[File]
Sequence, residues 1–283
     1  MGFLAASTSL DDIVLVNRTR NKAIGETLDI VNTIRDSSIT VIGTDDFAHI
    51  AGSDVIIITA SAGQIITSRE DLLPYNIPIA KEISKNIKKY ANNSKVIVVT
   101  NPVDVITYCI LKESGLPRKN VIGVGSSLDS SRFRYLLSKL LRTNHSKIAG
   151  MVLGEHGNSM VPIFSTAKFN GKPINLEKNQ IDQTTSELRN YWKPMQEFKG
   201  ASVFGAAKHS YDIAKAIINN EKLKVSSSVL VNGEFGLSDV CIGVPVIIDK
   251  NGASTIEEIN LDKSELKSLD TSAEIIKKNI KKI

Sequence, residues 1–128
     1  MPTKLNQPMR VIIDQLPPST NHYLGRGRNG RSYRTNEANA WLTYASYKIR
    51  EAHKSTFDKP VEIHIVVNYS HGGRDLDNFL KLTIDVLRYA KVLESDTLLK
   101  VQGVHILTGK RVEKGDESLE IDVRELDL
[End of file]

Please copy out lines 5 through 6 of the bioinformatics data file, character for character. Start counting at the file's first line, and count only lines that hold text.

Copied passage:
   151  MVLGEHGNSM VPIFSTAKFN GKPINLEKNQ IDQTTSELRN YWKPMQEFKG
   201  ASVFGAAKHS YDIAKAIINN EKLKVSSSVL VNGEFGLSDV CIGVPVIIDK